Dr. David Liska:

Yeah, that is a great and unfortunately, still unanswered question, and we and many others are doing a lot of research on that. So we know that hereditary colorectal cancer syndromes are more commonly found in young people with colorectal cancer. However, the majority of young people with colorectal cancer do not have a hereditary condition, and there are several possible explanations as to why colorectal cancer is increasing in the young.

              So one theory that makes a lot of sense looks at the parallel obesity epidemic here in the United States, and we know that obesity and a sedentary lifestyle are risk factors for colorectal cancers, and so are diets that are associated with obesity. So it makes a lot of sense to say that one of the reasons for the rise in young onset colorectal cancer is due to the rise of obesity in the United States. However, that being said, obesity, diet, and exercise, are clearly not the only explanation for colorectal cancer in the young. Many of my own young patients with colorectal cancer are actually quite fit and eat a healthy diet. So there's certainly more work that we need to do to understand why colorectal cancer in the young is happening more and more commonly.

Deanna Pogorelc:

And when we talk about colorectal cancer, is this the same thing as colon cancer? I want to talk a little bit about the terminology and make sure we understand what specific parts of the body are we talking about?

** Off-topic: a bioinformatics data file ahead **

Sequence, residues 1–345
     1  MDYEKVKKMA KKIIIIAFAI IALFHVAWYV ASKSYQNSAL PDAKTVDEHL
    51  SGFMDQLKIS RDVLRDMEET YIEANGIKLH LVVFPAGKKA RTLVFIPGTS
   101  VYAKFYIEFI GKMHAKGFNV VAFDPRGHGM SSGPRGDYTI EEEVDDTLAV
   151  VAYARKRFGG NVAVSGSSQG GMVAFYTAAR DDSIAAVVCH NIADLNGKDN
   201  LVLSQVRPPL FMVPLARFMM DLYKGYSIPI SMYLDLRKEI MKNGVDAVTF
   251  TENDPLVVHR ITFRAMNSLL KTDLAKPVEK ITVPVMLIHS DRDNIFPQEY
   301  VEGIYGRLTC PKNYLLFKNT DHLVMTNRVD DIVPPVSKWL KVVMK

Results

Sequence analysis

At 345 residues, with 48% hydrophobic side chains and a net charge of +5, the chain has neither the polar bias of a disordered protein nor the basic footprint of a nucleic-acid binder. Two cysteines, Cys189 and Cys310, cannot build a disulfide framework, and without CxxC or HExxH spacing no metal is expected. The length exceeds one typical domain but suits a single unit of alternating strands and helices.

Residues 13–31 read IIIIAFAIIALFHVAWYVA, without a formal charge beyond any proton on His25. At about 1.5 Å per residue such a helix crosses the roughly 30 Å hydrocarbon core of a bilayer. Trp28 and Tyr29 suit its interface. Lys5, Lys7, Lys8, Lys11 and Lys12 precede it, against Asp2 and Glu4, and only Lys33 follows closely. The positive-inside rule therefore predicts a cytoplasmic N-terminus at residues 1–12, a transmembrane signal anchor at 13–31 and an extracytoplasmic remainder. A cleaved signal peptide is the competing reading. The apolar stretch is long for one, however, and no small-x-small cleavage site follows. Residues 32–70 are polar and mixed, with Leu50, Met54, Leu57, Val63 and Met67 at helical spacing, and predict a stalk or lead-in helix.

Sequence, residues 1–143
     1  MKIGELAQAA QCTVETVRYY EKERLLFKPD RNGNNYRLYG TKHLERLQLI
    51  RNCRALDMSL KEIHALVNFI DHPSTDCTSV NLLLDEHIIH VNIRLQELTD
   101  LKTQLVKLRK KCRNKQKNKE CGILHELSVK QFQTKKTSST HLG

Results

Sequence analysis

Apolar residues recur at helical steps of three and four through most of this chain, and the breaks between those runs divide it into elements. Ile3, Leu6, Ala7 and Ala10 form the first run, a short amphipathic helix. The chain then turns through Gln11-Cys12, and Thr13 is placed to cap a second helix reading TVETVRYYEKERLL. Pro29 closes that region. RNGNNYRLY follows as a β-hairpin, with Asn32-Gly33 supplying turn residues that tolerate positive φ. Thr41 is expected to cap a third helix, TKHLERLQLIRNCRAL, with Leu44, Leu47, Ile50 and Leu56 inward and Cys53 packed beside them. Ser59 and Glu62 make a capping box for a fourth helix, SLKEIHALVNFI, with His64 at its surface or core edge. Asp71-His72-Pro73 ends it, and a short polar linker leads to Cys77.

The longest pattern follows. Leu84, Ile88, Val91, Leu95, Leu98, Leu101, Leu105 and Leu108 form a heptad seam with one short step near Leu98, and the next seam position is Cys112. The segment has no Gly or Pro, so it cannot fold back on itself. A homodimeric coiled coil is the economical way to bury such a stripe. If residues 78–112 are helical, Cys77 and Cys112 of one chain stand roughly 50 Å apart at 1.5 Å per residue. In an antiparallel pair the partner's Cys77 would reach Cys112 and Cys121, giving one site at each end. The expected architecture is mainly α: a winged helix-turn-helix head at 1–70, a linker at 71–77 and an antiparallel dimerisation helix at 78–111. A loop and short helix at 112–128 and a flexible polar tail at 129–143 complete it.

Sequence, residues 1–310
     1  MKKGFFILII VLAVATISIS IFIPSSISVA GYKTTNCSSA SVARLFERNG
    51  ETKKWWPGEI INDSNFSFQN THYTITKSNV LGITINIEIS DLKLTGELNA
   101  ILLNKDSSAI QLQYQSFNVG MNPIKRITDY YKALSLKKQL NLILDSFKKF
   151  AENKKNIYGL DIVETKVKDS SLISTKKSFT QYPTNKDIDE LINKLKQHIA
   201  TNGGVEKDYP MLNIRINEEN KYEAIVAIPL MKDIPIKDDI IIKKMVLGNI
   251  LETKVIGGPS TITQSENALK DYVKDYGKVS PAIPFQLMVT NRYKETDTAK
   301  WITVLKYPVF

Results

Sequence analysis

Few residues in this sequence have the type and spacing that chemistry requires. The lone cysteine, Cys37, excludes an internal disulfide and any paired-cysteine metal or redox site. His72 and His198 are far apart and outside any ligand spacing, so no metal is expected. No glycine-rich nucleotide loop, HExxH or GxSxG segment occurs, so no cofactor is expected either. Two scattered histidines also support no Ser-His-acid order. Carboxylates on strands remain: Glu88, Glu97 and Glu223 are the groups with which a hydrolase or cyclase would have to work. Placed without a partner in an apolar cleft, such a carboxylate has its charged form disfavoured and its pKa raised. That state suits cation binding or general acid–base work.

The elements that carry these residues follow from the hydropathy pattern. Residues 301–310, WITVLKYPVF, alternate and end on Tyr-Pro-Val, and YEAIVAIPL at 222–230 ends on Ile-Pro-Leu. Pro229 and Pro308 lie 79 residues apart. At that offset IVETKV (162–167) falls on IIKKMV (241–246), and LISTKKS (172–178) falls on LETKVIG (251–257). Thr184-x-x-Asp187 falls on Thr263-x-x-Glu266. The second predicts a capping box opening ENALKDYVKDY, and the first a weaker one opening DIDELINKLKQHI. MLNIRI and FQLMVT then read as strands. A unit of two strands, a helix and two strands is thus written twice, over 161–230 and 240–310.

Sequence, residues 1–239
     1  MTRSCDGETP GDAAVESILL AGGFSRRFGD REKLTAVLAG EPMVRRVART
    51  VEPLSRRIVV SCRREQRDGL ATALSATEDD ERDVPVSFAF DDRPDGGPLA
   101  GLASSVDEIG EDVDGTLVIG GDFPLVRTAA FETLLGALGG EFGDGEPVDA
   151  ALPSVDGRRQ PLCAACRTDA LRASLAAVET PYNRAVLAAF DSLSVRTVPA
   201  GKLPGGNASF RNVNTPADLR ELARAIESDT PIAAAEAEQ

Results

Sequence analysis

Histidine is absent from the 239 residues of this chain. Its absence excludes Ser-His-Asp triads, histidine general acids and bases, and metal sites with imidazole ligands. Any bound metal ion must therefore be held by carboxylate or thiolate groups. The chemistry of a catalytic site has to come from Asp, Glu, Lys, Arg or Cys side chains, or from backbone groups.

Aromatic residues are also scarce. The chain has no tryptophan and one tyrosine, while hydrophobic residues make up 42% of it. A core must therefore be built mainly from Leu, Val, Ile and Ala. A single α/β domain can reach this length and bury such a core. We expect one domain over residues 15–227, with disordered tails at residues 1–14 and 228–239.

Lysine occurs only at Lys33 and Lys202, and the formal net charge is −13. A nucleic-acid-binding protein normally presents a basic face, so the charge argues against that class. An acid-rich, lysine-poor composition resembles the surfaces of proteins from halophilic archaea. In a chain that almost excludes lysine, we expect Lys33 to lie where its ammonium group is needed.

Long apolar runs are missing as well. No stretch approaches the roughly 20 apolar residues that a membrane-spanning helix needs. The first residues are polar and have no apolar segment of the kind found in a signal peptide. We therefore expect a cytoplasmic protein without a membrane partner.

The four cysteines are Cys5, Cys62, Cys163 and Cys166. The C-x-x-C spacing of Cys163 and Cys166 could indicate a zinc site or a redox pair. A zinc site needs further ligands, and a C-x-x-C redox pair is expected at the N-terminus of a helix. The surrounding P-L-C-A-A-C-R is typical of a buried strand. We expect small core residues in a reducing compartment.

Dr. David Liska:

Right, that's a great question. So the colon and rectum make up the large intestine, and the first part of the large intestine is the colon. So the small intestine meets the colon at the cecum, that's the first part of the colon, and then as the food gets absorbed and water gets absorbed in the colon then, and becomes stool and enters the rectum, which is the last half foot or so of large intestine, and then exits through the anus. So that's what the colon and rectum are, and the reason why we differentiate between colon and rectal cancer is because treatment can be different for the two.

Deanna Pogorelc:

But a cancer can develop on any part of that that you just mentioned?

Dr. David Liska:

Correct, correct. Yeah, exactly. Cancer can develop in any part of the colon or rectum, and interestingly, what we've found for specifically when talking about young onset colorectal cancer, is that the majority of these cancers are on the more distal aspect of the large intestine, meaning much more commonly in the rectum or the last part of the large intestine.

Deanna Pogorelc:

Okay. So can we start by talking a little bit about prevention? What kind of things should we be doing every day to take care of our colon and prevent this type of cancer?

Dr. David Liska: